Synfire's Guide to C++

1. Basic Structure

C++ like all languages have a structure that you use to create your programs. C/C++ both use the:

  'define'->'initiate'->'main()'->'functions'

type setup. As you move along you will see your programs evolve into such a structure.

simple.cpp
#include <iostream.h>

int main()
{
    return 0;
}

The example code above is really useless, but it will compile and run. This will allow me to show you how a program reads.

First things first, on line 1 you see '#include <iostream.h>', this tells the compiler to add all the code from the iostream.h header file into your program just as though you had typed it yourself. You will always use header files, just different ones depending on your needs at the time.

On line 3 you see the beginning of your program. main() is a special function that is automatically called when your program executes. Notice the 'int' before main(). This tells us that the main function will be returning a small numerical value.

Lines 4-5 contain the BLOCK, a block is a chunk of codes wrapped in curly brackets. Within this block are the commands that your program will execute. In our example the 'return 0;' command just ends the program with a return of 0. I am not a stickler on being a proper programmer, therefore, I usually save that line by changing 'int main()' to 'void main()' so that I don't have to return a value.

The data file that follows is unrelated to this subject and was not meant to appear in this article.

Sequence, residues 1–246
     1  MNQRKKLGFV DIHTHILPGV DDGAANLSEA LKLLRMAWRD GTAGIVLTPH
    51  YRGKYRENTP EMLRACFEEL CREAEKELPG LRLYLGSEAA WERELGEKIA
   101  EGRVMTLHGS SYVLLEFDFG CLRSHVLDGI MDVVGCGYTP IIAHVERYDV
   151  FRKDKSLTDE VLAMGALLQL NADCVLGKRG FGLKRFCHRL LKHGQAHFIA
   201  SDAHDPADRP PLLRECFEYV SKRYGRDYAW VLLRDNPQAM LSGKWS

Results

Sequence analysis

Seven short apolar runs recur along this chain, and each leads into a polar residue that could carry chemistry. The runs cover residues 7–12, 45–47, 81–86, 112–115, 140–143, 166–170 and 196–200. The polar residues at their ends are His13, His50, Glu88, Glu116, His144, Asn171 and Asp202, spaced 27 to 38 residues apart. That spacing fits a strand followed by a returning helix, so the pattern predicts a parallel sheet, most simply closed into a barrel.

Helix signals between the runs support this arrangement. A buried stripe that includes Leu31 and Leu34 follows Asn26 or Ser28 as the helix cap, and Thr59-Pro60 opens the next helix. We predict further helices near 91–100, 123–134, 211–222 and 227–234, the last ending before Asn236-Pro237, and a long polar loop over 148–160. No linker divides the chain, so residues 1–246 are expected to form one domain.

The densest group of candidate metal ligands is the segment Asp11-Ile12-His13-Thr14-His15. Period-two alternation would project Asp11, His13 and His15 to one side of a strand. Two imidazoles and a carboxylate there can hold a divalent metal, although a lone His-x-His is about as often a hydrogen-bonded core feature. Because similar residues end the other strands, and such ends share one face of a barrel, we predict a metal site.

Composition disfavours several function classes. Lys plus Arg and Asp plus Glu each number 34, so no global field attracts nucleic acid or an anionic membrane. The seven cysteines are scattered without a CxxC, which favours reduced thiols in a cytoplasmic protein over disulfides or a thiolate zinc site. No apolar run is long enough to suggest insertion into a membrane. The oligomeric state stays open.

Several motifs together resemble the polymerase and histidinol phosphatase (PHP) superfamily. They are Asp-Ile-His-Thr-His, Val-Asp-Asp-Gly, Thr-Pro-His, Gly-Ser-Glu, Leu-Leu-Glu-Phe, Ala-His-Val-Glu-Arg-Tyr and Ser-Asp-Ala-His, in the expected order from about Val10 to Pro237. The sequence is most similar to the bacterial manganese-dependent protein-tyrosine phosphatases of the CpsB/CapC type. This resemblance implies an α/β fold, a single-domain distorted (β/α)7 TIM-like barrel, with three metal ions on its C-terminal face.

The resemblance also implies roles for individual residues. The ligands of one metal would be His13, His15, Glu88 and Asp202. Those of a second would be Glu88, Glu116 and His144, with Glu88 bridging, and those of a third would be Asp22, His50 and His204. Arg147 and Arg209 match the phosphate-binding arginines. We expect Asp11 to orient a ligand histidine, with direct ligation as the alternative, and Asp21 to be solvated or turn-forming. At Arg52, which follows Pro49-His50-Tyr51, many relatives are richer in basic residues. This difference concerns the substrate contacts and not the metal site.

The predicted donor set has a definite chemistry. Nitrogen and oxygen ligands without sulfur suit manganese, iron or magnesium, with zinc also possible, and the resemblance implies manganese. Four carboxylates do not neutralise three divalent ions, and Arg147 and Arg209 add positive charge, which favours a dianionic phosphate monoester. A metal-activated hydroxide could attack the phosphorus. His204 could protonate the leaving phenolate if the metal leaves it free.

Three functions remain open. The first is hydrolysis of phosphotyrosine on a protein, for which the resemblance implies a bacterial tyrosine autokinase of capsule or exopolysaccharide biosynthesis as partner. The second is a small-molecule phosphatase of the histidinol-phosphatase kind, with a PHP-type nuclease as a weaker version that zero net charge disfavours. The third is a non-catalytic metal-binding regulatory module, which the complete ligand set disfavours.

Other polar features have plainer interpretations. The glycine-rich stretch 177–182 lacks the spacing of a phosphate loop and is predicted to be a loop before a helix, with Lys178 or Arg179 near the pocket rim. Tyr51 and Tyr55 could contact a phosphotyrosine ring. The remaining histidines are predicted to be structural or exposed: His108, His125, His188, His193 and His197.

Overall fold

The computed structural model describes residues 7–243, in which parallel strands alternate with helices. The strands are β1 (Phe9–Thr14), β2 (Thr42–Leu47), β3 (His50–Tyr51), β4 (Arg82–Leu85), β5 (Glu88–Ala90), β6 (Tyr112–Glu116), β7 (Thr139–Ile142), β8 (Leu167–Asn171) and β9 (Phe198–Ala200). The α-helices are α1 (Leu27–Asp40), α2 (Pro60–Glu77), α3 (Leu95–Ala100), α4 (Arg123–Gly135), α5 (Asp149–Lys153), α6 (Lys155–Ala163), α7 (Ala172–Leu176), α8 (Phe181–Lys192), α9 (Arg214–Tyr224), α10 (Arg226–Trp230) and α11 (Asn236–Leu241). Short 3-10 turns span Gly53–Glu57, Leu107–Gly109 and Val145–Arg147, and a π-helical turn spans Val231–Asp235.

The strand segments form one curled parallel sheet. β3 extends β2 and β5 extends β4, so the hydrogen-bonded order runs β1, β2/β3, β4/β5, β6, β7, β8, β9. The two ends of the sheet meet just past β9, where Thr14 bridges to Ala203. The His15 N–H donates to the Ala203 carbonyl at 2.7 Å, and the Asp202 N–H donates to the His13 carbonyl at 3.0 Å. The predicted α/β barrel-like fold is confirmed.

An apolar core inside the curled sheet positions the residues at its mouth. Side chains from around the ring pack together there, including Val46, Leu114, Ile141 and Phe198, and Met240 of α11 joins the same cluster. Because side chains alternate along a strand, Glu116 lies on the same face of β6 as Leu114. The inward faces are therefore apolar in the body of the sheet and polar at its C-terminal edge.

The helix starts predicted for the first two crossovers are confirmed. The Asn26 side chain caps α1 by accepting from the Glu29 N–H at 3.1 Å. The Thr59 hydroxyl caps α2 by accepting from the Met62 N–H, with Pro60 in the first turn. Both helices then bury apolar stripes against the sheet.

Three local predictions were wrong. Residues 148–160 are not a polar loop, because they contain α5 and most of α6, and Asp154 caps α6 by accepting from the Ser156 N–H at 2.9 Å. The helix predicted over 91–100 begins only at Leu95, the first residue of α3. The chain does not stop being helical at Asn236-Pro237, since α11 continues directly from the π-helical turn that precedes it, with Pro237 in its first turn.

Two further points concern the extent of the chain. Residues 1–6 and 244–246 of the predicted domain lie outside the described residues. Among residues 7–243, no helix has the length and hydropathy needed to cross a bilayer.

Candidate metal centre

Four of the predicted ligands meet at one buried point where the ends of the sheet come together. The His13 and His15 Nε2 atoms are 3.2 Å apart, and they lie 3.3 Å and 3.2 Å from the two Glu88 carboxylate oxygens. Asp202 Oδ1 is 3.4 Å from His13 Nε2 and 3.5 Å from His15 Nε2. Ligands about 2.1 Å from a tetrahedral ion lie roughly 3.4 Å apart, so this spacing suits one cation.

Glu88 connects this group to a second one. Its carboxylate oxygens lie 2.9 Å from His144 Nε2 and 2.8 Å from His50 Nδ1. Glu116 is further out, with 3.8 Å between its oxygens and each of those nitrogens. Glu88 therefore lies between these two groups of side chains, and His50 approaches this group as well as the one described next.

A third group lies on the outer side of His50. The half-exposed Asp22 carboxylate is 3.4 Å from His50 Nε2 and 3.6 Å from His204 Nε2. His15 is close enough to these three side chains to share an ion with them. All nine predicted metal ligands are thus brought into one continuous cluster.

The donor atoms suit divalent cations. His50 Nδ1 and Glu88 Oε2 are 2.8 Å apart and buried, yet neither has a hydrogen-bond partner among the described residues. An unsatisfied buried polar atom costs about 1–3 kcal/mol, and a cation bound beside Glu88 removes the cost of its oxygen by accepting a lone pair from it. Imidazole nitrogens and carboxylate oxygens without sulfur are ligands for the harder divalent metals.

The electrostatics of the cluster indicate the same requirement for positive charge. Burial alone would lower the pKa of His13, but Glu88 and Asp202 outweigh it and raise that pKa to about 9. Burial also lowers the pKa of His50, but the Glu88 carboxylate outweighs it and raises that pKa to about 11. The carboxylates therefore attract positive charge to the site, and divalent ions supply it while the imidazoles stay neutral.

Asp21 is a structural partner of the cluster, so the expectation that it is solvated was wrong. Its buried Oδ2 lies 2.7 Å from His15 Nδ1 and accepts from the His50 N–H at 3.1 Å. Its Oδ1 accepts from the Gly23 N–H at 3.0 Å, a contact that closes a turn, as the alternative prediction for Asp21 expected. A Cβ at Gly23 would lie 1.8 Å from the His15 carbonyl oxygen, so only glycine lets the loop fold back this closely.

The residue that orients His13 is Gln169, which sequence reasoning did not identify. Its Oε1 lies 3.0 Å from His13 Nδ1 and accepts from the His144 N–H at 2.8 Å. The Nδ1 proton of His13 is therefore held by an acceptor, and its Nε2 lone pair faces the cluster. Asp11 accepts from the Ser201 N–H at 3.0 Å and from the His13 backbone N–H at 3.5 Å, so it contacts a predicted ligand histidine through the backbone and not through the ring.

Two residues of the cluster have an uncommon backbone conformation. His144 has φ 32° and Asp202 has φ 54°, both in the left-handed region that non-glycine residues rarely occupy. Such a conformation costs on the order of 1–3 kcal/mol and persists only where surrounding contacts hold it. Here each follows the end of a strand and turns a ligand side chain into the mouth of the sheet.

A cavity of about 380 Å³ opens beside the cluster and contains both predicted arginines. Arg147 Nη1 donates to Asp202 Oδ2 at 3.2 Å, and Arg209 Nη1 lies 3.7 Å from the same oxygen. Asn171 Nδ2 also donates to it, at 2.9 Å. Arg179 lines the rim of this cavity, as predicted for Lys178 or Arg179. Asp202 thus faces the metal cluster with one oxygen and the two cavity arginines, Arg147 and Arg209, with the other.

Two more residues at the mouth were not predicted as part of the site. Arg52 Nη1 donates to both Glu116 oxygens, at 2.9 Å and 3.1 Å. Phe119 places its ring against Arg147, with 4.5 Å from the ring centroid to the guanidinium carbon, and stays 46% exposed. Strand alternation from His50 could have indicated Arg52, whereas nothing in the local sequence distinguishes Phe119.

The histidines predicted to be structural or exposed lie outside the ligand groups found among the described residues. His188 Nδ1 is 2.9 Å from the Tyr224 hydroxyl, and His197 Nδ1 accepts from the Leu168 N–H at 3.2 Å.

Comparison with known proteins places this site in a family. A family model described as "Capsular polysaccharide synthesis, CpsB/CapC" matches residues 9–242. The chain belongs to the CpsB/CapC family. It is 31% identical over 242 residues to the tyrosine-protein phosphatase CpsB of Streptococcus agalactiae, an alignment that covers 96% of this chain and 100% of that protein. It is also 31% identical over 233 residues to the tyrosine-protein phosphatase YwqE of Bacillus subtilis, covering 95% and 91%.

When you create your programs you might wanna keep notes that can help you remember things when you come back to the program. This is known as setting comments, there are two types of comments that C++ will recognize, single line and multi line. A comment is over looked by the compiler and it is good practice, and just plain smart, to use comments to make programming over along period of time. Here is how to do both:
// This is a single line comment anything on this like
// or this line is overlooked. The // ensures that this line is
// overlooked.

/*
This is a multiline comment, I can write as 
many lines without using // to censor each line
the /* symbol starts a multiline and the ending
symbol is:
*/
Summary
In this section you have learned how a C++ program should look and how to add comments to your program.

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